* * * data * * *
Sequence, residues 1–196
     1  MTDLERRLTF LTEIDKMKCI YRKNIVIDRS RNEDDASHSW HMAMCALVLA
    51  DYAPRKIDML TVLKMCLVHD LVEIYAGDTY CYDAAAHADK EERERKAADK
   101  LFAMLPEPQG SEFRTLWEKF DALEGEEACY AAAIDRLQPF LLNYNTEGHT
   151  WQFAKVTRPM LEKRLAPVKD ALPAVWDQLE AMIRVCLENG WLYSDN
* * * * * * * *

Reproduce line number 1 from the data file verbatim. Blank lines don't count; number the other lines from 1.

Sequence, residues 1–196